Micah’s landscape architecture work examines human ecological systems. He studies how landscapes constitute social and environmental systems, while looking for the ways landscapes can conceal or reveal its many dimensions. Micah explores urban ecology in the absence of human intervention. He stages tests in urban sites to enfranchise social possibilities and multiply ecological interactions. The vacant lot projects focus on social engagement strategies and in-situ ecological processes, testing an extensive model of landscape investment. The walking tours encourage St. Louisans and visitors to see beyond aesthetics of growth and entropy. Exhibition work asks wider audiences to tune into landscapes, by reading the signs around around them.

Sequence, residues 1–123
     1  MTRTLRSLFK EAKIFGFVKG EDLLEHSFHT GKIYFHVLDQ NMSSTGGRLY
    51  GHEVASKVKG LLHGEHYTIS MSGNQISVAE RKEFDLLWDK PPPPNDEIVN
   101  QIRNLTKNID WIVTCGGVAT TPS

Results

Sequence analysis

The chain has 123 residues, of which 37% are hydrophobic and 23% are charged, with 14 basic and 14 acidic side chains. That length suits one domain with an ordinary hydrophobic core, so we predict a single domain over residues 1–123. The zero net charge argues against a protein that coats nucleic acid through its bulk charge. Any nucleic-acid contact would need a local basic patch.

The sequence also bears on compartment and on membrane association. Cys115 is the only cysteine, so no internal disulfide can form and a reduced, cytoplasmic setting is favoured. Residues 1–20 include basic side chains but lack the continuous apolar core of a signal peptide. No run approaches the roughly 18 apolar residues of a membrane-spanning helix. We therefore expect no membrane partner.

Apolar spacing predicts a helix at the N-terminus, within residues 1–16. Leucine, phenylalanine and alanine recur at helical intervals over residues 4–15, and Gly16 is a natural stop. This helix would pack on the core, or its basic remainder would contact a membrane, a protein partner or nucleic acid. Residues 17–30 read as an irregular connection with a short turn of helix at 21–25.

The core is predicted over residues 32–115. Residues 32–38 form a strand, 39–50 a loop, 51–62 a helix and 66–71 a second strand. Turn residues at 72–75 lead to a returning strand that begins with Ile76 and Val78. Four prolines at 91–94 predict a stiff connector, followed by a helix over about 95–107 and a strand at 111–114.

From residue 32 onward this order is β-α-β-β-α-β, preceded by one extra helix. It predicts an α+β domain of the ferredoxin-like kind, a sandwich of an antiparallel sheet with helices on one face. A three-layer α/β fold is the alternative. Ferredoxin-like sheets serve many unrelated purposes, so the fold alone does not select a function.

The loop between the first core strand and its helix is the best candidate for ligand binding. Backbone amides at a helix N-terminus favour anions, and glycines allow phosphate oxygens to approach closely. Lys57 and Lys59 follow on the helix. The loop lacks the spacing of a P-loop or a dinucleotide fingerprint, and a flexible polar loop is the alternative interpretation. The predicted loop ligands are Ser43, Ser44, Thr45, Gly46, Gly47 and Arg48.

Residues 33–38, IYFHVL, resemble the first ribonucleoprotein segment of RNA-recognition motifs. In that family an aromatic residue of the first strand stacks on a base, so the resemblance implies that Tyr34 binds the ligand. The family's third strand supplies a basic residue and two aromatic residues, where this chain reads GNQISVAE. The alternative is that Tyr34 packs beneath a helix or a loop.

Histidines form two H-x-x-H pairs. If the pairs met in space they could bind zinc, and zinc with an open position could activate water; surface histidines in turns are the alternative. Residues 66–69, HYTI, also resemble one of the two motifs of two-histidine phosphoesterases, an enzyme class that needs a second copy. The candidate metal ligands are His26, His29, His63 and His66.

A persistent questions in Micah’s work: can landscape architecture communicate, advocate for, or discover new ecological ideas?

An ongoing research project involves reviewing 20th century infrastructure in search of adaptive systems to better serve human needs in the 21st century. If human infrastructure and ecological systems are inextricable, how can we develop new relationships among humans, nonhuman life, and the rest of the physical world?


Micah began designing for film and theater at Northwestern University. He developed an interest in landscape research after working as a docent and a farmhand at Navdanya Biodiversity Conservation Farm in northern India. He has also worked with SCAPE Landscape Architecture in New York City and MU Architecture in Paris.

As Lecturer in Landscape Architecture at Washington University in St. Louis, Micah teaches foundational design studios. He teaches a history course on the development of the modern field of landscape architecture as well as a seminar in landscape research.  

Recently, he began a research project at Tyson Research Center. This summer a team and I will study science gardens through drawing, and then design an urban research garden to be shared by scientists and a larger public of curious investigators.